“The fact that the Willingdon Church and parents were actually going out there and protesting this, that was a huge shock to me, because I just thought they wouldn’t even say anything; I didn’t realize there was that capacity or that room,” she admits.

But Sung is not entirely unhappy about the opposition. “In that case I’m glad, because it leaves room for a discussion, and it leaves room for us to have conversation with them. I never want to do this us-versus-them kind of dichotomy.”

So how would she engage with Heather Leung, one of the Burnaby parents who objected most strenuously to 5.45?

Sung notes that quite a few people have approached her, suggesting that the problem seems to lie with parents, not students. “Maybe we need to do presentations with parents or adults, and that might be the case… that we will do an Out in Church,” she says, perhaps not entirely in jest.

Leung, who declined to be interviewed for this story, is on record as saying that the policy’s passage amounted to “the darkest day of the Burnaby School Board history” and is “an irresponsible act.”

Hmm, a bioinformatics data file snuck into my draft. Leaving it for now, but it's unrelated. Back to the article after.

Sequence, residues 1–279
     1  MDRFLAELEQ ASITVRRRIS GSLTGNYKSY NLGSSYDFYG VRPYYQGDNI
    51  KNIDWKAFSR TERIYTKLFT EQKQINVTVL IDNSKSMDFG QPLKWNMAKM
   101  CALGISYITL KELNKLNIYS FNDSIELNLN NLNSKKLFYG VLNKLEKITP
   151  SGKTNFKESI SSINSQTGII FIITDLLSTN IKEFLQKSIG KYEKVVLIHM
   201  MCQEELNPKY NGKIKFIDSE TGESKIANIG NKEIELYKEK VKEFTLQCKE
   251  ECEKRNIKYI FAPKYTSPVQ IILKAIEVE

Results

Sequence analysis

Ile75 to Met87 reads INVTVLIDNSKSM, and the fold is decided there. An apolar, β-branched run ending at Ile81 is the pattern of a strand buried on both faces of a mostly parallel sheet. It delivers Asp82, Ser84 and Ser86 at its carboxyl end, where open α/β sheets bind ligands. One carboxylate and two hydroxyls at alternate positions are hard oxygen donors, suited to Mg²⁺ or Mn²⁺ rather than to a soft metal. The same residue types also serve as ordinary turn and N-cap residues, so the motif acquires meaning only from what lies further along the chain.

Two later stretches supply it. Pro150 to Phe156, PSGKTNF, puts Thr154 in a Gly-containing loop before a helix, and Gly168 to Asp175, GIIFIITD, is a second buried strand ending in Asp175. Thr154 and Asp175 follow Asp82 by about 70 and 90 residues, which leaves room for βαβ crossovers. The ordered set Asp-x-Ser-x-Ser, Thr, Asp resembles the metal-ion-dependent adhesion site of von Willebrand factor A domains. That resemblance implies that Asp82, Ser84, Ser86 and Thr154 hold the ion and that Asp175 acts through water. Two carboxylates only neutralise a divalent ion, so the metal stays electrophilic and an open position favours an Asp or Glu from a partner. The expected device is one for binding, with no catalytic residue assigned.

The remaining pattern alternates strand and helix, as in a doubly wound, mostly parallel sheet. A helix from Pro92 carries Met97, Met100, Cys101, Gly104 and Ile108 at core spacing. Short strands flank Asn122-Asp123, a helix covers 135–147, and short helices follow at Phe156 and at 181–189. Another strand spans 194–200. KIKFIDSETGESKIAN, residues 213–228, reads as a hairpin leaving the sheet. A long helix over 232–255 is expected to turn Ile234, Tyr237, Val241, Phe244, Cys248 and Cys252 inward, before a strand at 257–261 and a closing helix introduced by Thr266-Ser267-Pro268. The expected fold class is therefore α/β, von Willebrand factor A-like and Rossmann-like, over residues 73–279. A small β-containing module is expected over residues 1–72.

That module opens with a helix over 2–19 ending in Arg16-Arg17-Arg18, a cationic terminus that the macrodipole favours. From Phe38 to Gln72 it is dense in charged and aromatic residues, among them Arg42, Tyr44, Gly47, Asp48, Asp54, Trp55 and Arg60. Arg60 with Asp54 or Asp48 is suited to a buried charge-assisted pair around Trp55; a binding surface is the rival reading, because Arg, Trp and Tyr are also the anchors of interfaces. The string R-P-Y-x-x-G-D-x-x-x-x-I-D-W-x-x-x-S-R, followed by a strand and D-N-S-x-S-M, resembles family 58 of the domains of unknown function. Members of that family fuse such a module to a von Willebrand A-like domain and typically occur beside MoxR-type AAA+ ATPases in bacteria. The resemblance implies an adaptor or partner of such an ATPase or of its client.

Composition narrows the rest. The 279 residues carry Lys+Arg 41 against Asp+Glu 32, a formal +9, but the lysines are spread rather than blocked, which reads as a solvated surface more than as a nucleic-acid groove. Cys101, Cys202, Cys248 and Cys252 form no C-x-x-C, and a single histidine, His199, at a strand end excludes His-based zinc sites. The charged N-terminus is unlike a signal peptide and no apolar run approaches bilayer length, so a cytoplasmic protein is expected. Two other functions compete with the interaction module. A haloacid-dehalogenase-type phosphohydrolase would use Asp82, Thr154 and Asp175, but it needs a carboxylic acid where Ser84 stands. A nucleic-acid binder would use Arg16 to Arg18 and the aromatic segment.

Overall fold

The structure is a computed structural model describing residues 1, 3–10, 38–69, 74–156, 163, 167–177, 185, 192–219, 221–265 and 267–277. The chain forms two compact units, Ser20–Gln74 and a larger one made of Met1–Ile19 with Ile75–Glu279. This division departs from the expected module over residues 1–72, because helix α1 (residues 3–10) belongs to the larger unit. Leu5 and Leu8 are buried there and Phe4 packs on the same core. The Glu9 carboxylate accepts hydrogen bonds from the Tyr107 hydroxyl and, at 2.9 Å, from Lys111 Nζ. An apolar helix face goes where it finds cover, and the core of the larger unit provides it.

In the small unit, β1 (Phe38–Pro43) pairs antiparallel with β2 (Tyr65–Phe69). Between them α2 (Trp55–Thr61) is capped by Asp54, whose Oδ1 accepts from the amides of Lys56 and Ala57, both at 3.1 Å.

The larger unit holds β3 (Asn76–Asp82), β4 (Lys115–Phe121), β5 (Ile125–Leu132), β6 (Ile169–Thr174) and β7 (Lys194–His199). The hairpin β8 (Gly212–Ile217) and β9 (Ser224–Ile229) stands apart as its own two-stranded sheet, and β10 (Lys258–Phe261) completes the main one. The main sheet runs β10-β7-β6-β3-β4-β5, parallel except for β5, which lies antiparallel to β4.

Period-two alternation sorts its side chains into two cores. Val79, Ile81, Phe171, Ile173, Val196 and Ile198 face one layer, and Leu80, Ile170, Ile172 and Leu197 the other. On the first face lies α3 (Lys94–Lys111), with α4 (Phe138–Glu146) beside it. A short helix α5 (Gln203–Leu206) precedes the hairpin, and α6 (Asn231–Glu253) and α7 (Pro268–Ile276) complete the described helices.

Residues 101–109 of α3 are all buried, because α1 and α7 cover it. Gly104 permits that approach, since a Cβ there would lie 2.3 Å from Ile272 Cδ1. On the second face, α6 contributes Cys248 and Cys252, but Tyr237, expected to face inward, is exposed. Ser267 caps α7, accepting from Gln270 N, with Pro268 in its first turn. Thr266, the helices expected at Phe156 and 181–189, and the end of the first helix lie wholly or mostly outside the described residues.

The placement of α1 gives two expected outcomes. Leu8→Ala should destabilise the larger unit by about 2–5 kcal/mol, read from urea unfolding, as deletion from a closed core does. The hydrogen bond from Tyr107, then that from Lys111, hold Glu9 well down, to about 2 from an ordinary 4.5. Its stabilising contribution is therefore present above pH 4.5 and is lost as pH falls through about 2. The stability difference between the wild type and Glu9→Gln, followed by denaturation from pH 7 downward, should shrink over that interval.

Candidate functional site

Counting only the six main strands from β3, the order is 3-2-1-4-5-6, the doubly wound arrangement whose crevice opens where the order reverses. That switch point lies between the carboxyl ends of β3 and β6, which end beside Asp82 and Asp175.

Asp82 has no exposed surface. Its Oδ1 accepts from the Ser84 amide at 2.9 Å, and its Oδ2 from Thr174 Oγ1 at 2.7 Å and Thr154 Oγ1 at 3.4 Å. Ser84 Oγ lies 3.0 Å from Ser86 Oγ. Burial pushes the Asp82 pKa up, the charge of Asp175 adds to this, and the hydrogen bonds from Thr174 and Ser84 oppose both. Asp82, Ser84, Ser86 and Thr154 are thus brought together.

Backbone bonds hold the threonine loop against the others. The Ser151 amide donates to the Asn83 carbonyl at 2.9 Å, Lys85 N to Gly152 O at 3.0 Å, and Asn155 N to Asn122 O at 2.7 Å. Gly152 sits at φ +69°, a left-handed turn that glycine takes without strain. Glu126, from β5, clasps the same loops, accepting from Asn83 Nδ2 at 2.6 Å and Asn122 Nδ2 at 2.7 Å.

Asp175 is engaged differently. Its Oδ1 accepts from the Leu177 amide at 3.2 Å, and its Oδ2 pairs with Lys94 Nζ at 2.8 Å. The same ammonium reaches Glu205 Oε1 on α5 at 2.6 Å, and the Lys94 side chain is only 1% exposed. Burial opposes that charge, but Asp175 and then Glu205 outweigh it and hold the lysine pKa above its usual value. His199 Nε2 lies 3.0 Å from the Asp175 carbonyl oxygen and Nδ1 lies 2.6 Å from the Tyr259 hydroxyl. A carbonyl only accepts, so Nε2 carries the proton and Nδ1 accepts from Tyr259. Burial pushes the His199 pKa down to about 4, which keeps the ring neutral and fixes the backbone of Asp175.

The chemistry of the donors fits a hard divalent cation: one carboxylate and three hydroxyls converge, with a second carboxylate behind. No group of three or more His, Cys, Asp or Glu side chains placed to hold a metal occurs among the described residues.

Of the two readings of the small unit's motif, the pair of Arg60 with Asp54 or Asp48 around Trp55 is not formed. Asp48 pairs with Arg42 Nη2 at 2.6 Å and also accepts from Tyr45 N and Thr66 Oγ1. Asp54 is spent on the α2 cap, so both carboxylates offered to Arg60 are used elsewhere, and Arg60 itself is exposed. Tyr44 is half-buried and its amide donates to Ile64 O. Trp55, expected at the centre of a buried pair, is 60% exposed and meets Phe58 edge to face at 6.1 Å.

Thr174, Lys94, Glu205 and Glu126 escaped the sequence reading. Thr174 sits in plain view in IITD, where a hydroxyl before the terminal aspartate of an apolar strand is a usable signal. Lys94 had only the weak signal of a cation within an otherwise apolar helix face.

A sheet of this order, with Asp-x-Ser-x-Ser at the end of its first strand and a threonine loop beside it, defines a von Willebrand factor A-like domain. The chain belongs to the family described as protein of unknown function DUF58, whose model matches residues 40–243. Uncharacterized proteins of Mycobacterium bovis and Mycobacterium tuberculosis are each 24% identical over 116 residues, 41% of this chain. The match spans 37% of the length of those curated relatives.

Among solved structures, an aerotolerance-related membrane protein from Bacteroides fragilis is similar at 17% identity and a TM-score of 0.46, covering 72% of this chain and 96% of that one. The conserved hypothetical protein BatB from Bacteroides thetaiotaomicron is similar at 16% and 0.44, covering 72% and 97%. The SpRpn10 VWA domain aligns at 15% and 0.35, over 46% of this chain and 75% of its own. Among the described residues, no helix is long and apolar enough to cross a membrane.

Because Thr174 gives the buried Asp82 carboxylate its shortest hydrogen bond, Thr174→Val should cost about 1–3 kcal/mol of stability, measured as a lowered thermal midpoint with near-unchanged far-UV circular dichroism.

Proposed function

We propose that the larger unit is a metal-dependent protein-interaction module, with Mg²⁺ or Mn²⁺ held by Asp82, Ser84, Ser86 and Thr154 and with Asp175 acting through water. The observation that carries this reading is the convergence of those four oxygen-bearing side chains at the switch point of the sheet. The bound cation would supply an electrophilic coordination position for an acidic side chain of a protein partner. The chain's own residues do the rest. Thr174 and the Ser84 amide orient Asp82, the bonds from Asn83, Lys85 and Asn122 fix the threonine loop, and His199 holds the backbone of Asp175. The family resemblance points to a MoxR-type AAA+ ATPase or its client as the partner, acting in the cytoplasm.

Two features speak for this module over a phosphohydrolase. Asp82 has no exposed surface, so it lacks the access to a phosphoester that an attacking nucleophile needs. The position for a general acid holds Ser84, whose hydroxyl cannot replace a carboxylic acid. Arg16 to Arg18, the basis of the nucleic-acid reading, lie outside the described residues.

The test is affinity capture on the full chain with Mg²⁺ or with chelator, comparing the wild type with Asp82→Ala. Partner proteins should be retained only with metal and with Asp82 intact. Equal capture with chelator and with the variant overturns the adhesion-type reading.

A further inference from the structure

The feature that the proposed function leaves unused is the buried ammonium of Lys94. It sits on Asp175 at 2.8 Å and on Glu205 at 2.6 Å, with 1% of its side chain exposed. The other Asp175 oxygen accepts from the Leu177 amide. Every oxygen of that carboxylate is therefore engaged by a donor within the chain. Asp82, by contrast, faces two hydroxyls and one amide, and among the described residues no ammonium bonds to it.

The policy’s approval “opens a big window for the pro-gay community to recruit, recruit, recruit our children into their camp,” she told Xtra in June. “In the meantime, they ignore the health risks behind it and the medical expense burden in this country.”

Sung says that if she did meet Leung one day, she’s under no illusion that she necessarily would share solidarity with her because they look similar or have the same skin colour. And yet those commonalities may allow some wiggle room to have that conversation, because of shared struggles with racism, or as women, maybe sexism, Sung suggests. “Those are points of connection I can draw upon and have a dialogue and say, Homophobia is just like racism and sexism — all of the things that are challenging because of the way we identify.”

“I think I want all communities — the Chinese community, the Christian community or the gay community — to take away that what happened is a good reminder for us that progress hasn’t been achieved,” Sung continues. “I’m tired of different marginalized communities fighting against each other. I want us to work together and talk to each other. Bridging that awkward space is something we need to work toward.”